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Emergency funds from Feds rescue Bear Sterns

Marco Picone, right, and Michael McDonnell, of Lehman Brothers MarketMakers, consult at the New York Stock Exchange on Friday.Associated Press
 (Associated Press / The Spokesman-Review)
Marco Picone, right, and Michael McDonnell, of Lehman Brothers MarketMakers, consult at the New York Stock Exchange on Friday.Associated Press (Associated Press / The Spokesman-Review)

WASHINGTON – The Federal Reserve took the extraordinary step Friday of providing emergency funding to one of Wall Street’s venerable firms, Bear Stearns, after it ran out of cash to repay its lenders.

The Fed used a little-known power it last exercised in the 1960s to stem a run on Bear Stearns that could have sent multibillion-dollar losses cascading across the world financial system, causing more failures on Wall Street and threatening to choke off global economic growth.

The Fed’s action, arranged in a series of predawn deliberations Friday, is one of the most significant government efforts to save a private firm in modern times.

Critics characterized the Fed’s move as a bailout that inappropriately intrudes on the free market and could lead banks to keep taking risks like those that imperiled Bear Stearns. Other analysts said the action was necessary, given the precarious state of world financial markets.

“We’re on a knife’s edge,” said Eugene White, an economics professor at Rutgers University who studies financial crises. “The danger is if people’s confidence is lost in a place like Bear Stearns, no one will lend to anybody.”

Markets tumbled in the hours after the funding plan was announced, with the Dow Jones industrial average finishing the day down 1.60 percent, or nearly 195 points.

Bear Stearns’ stock fell more than 47 percent.

As Bear’s troubles deepened in recent months, it increasingly turned to overnight loans. But on Wednesday and Thursday, its lenders lost faith, and many refused to lend it any more money. That set off a frantic search for cash, including negotiations between executives of Bear and other Wall Street titans.

In the middle of the night, Bear and J.P. Morgan struck a deal. Bear would be willing to put up some of its assets as collateral in exchange for cash from the Fed. The transaction would be routed through J.P. Morgan, which, as a commercial bank, has access to the Fed’s discount window. That would give Bear time to raise financing through the private sector.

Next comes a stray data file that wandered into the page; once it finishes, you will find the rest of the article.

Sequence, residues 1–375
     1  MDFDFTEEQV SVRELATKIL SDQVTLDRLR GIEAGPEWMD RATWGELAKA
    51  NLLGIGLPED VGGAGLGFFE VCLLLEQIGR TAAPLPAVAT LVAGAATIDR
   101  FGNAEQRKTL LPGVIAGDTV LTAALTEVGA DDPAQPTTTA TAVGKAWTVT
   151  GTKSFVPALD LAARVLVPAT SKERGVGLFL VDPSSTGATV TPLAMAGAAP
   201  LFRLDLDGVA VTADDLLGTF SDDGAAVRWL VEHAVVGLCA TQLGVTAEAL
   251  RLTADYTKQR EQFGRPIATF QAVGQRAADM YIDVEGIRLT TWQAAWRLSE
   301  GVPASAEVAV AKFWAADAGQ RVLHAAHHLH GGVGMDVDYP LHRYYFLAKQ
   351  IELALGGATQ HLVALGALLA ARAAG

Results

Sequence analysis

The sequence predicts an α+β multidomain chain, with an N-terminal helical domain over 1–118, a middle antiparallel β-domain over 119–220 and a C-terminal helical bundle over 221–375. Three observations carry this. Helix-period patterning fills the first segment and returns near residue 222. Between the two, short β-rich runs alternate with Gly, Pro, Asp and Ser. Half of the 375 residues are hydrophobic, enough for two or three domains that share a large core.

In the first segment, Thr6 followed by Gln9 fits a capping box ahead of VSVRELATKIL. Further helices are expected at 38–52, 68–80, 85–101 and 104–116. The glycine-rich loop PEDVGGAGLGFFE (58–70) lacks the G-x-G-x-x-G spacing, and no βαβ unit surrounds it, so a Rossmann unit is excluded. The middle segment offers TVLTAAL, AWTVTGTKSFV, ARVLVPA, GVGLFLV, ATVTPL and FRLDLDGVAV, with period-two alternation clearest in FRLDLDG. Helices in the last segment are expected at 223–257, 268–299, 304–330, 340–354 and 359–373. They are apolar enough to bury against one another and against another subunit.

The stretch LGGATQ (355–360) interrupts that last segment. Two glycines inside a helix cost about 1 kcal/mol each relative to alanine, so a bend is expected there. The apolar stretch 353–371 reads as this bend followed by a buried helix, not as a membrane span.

“What this is is a bridge to more-permanent solutions,” Bear Stearns chief executive Alan Schwartz said during a conference call Friday afternoon.

But the deal still needed the Fed’s approval. In a series of conference calls from about 3 till 7 a.m., leaders of the central bank discussed whether to exercise an authority granted the Fed in the 1930s – and not used in four decades – to approve the loan.

Fed Chairman Ben S. Bernanke, Vice Chairman Donald L. Kohn, New York Fed President Timothy F. Geithner and Fed Governor Kevin M. Warsh conferred in those early-morning hours on calls, which also included Treasury Secretary Henry M. Paulson Jr. and Undersecretary Robert K. Steel. The Treasury Department had no formal role in the plan, but Fed leaders consulted Paulson and Steel for their expertise and to get their support.

If they allowed Bear to fail, it could drag the rest of Wall Street with it. A major financial institution would have gone from being worth $8 billion to worthless, literally overnight.

In normal times, they would be inclined to let capitalism do its work. But markets are so jittery that the policy-makers concluded investors would refuse to make short-term loans to the other big Wall Street banks that rely on such debt, driving them under, too. The stock market could have experienced a collapse of 1987 proportions, and untold damage may have been done to the wider U.S. economy.

They weighed those fears against the fact that making the loan would put government money at risk. The New York Fed will accept collateral from Bear – long-term investments viewed as safe – in exchange for the short-term loan. In theory, that should protect the government against losses. But if the value of the collateral drops, the Fed could end up losing money.

And Fed officials worried about “moral hazard,” the notion that other companies might behave irresponsibly if they think they too could get government help if times turn bad.

The Fed’s board of governors voted 4-0 in favor of the loan at around 9 a.m. (The fifth Fed governor, Frederic S. Mishkin, was traveling.)

Some analysts said the Fed’s effort, coupled with two major actions in the past week to restore order to credit markets, has undermined its credibility.

“There is a growing sense in the market that the Fed is becoming increasingly inept or unable to really do much about this situation,” said James Paulsen, chief investment strategist at Wells Capital Management.

Federal securities regulators and the U.S. attorney in Brooklyn are investigating what Bear executives told investors about the health of its hedge funds in a pivotal April 25 conference call.


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